These cells grow normally in serum free media and when treated with trypsin, are destabilized and made competent to undergo developmental changes. Cells were cultured in serum free media (SFM) with and without HIP, and in serum free media with trypsin (TSFM). This is to show that simply destabilizing, does not activate developmental changes.

When treated with HIP under stable conditions, no changes result. When treated with HIP under developmentally competent conditions, the labeled receptor responds to the presence of HIP by being encapsulated by the cytoplasmic membrane and moving to the nuclear membrane where the signals for differentiation are received.

When treated with HIP under stable conditions, no changes result. When treated with HIP under developmentally competent conditions, the labeled receptor responds to the presence of HIP by being encapsulated by the cytoplasmic membrane and moving to the nuclear membrane where the signals for differentiation are received.

FIG. 12 demonstrates PANC-1 cells treated with trypsin and incubated in serum free medium differentiate into islet cell aggregates. HIP receptor/EXTL3 is upregulated during differentiation of human pancreatic cells and appears to interact with HIP2 and HIP2B interact with HIP receptor. HIP2 and HIP2B stimulated traffic from the HIP receptor on the cytoplasmic membrane into the nucleus of the cells stimulating differentiation of pancreatic progenitor cells into insulin-producing new islets.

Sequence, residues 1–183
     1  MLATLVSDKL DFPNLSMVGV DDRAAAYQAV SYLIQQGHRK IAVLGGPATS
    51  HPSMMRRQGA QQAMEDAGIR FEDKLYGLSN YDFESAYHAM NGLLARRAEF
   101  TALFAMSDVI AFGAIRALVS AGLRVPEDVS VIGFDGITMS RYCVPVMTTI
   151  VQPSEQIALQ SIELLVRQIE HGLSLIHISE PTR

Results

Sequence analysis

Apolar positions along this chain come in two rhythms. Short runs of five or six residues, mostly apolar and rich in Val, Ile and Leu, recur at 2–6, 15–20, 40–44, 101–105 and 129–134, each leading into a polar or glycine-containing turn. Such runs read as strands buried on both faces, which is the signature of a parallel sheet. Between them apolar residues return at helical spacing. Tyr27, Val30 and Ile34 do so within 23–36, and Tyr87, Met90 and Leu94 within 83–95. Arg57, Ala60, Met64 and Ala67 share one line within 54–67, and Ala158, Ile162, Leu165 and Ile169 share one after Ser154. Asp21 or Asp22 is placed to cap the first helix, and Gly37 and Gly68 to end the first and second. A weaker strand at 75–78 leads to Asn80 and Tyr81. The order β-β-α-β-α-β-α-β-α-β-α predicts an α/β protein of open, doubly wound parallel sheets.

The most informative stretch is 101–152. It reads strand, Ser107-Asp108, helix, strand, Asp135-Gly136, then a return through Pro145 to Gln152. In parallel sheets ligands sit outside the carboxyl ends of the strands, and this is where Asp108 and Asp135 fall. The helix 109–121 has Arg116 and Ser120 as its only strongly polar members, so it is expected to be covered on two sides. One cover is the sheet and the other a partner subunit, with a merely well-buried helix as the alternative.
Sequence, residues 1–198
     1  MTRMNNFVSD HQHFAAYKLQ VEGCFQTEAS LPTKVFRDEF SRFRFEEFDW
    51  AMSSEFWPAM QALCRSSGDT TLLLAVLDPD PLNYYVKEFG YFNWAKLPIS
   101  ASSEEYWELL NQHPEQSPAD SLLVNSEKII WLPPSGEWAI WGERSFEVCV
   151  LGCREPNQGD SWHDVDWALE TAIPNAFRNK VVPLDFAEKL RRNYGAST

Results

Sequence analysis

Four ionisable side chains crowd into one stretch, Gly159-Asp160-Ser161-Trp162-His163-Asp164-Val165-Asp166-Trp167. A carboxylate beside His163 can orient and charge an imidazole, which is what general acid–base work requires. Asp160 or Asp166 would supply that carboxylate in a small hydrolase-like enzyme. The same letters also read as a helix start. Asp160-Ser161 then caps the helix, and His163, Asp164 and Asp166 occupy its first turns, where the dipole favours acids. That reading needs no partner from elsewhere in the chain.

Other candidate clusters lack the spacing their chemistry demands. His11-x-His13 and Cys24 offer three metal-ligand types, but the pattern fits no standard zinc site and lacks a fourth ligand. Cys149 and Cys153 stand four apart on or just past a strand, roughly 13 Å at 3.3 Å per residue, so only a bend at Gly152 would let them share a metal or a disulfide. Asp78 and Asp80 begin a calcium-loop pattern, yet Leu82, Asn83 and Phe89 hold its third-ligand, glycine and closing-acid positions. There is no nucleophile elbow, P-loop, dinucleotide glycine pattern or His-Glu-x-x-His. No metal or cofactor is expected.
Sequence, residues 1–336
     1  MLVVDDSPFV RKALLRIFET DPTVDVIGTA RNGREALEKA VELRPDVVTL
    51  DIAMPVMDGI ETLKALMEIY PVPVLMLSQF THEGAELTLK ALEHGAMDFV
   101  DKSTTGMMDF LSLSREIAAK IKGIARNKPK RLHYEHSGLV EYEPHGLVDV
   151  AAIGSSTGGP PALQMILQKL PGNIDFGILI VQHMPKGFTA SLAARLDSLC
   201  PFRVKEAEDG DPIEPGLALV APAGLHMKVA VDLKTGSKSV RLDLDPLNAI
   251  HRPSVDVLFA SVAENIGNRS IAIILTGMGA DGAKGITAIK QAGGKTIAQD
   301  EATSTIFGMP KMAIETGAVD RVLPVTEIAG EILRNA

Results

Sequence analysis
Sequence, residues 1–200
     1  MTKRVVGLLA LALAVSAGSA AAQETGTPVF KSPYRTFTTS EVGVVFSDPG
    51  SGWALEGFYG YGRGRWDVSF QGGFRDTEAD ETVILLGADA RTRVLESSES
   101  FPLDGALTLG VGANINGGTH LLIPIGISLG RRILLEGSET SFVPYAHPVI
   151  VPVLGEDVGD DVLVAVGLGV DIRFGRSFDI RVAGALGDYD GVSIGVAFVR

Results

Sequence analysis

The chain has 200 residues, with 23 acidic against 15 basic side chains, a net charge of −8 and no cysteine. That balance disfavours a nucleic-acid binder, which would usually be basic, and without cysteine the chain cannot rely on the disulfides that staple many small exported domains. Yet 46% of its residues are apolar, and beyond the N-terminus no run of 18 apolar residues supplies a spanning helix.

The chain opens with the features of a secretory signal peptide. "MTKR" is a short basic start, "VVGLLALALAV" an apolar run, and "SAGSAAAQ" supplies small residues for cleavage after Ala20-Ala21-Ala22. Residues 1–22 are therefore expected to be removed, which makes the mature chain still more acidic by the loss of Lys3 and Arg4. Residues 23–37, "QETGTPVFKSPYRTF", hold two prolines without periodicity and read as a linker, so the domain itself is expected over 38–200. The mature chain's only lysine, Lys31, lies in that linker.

FIG. 13 demonstrates rabbit anti-human HIP receptor/EXTL3 antibody labeled with Cy3 in TSFM alone and TSFM with 15 μM (HIP) for 48 hours. HIP stimulates the receptor membrane bound protein to be engulfed by the cytoplasmic membrane and transported to the nuclear membrane under adjusted exposure.

EXAMPLE 9

Western blot and immunofluorescence analyses of EXTL3 localization were performed in human PANC-1 cells grown under conditions that differentiate these cells into islet-like cells. EXTL3 is predominantly located on the external surface of the cytoplasmic membrane and its structure includes a single transmembrane region located inside of the cytoplasmic membrane. PANC-1 cells were grown in a standard growth medium or in a serum free medium (SFM) containing HIP.

FIG. 14 demonstrates the western blot and immunofluorescence analyses of EXTL3 localization in the PANC-1 cells revealed that when HIP was added to PANC-1 cells grown in SFM, EXTL3 appeared to translocate from the plasma membrane to the nucleus Western blot analyses of EXTL3 levels in cytosolic and nuclear fractions were isolated. Western blot analyses demonstrated that nuclear levels of EXTL3 were observed at 6 hours after culture in SFM without HIP. Inclusion of HIP in the culture media enhanced EXTL3 nuclear translocation at 30 minutes. These comparisons demonstrate that in the presence of HIP, there is accelerated translocation of EXTL3 from the cytoplasmic compartment to the nucleus and that EXTL3 nuclear translocation can be modulated in the presence of HIP.

EXAMPLE 10